The Nation's Report Card
You may have seen this title often because the National Center for Education Statistics conducts a continual assessment of our nation’s students in several subjects, most notably, in mathematics. Currently, it is administered in a paper and pencil format. Beginning in 2017, NAEP will begin administering a technology-based assessment.
Students are selected from a complex, random sampling process. Teachers of students who are selected are administered a teacher questionnaire. This results in a pairing of students, who are administered the assessment and their teachers, in grades 4, 8, and 12.
The assessment in mathematics measures students' knowledge and skills in five content strands:
- Number properties and operations,
- Data analysis, statistics, and probability, and
It also assesses students' ability to apply their knowledge in problem-solving situations. Moreover, items are classified according to cognitive complexity: Low, Moderate, and High. Low complexity relies heavily on the recall and recognition of previously learned concepts and principles. Moderate complexity items require students to be more flexible in their thinking than do those in the low-complexity category; these responses go beyond a seemingly obvious solution method, and they ordinarily involve more than a single-step. The items tend to foster the use of informal reasoning methods and problem-solving strategies. High complexity items make heavy demands on students, who must engage in more abstract reasoning, planning, analysis, judgment, and creative thought.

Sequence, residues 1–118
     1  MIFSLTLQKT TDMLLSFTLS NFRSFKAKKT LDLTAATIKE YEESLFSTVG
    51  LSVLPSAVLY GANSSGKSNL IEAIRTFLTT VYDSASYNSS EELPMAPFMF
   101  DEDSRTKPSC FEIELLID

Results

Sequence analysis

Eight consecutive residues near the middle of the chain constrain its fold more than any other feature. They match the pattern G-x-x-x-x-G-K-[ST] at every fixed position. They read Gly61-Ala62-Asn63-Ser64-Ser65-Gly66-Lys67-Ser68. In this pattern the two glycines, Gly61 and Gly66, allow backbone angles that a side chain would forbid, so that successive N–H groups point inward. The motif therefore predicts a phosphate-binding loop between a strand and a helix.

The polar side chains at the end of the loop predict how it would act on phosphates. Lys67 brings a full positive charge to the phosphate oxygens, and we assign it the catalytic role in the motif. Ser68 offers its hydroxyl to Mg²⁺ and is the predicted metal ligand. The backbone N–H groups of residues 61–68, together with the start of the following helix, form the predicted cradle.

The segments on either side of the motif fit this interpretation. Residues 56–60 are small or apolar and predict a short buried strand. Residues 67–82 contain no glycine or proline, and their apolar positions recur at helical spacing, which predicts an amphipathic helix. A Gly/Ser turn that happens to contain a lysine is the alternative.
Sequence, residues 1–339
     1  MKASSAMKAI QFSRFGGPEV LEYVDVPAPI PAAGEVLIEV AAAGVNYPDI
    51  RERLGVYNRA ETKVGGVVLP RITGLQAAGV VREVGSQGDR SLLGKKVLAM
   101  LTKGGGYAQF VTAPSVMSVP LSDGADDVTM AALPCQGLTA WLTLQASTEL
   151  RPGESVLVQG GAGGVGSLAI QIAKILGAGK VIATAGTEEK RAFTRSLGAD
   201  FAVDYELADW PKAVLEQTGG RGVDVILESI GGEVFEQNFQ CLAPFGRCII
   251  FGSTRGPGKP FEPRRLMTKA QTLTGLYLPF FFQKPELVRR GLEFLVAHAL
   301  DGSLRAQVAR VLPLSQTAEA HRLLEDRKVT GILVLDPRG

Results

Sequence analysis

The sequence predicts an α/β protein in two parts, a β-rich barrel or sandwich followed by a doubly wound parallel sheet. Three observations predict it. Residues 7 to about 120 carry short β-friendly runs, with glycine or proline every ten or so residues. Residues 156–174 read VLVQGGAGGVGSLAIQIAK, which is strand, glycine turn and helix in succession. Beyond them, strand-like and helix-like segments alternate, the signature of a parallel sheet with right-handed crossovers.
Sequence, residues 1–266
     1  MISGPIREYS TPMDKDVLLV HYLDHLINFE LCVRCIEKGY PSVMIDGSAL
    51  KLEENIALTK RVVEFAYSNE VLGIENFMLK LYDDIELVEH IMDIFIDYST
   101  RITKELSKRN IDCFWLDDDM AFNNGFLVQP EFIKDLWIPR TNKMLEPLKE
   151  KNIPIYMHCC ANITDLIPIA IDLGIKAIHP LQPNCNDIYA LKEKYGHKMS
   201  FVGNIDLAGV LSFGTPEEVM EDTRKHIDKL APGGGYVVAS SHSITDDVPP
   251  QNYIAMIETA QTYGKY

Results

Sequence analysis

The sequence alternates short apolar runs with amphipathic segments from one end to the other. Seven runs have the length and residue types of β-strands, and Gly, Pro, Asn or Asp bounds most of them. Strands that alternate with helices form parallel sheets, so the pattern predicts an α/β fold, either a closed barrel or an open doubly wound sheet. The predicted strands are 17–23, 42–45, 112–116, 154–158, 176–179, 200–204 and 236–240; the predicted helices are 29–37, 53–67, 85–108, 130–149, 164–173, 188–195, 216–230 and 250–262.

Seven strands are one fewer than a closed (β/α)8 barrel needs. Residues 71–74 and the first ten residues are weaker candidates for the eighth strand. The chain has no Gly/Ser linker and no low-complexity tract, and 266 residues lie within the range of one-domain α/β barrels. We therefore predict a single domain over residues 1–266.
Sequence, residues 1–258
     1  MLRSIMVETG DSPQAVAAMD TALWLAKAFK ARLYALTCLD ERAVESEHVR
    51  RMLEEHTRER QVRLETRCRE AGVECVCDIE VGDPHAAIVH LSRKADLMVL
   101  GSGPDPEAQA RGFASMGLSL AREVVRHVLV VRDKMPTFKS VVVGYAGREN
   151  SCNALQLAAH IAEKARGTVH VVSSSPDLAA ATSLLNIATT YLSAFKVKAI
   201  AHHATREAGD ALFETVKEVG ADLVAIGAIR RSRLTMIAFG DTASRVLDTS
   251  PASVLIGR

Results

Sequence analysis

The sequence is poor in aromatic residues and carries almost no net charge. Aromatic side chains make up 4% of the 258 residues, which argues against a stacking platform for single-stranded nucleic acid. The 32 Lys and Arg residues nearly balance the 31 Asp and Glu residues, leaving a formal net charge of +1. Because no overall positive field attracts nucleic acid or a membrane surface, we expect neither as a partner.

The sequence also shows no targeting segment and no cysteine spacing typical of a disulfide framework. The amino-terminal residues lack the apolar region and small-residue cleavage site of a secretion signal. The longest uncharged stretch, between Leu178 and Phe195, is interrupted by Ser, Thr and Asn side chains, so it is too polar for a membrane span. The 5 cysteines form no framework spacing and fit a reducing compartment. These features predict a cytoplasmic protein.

Students’ performance on these items is based on a scale score. The scale was developed using Item Response Theory, and it ranges from 0–500 at grades 4 and 8 and from 0–300 at grade 12. A score is provided for each content strand, and a composite score is also provided as an overall measure of performance.
The result of this is a large database that can be accessed by educational researchers and policy makers. There are two methods. One method involves the NAEP website, where researchers and policy makers can analyze data available to the general public. A second method is obtaining a license to use the restricted database. It is recommended that those interested in using the restricted database attend training sessions. The author of this article recently attended the last face-to-face training held May 26-29, 2015. It was reported at the session that future training will be on-line using modules. So, for those who wish to gain insight into the performance of our students in mathematics and other factors related to mathematics instruction, one can use the released data or mine the restricted database in order to answer research and policy questions. Who knows what you may reveal?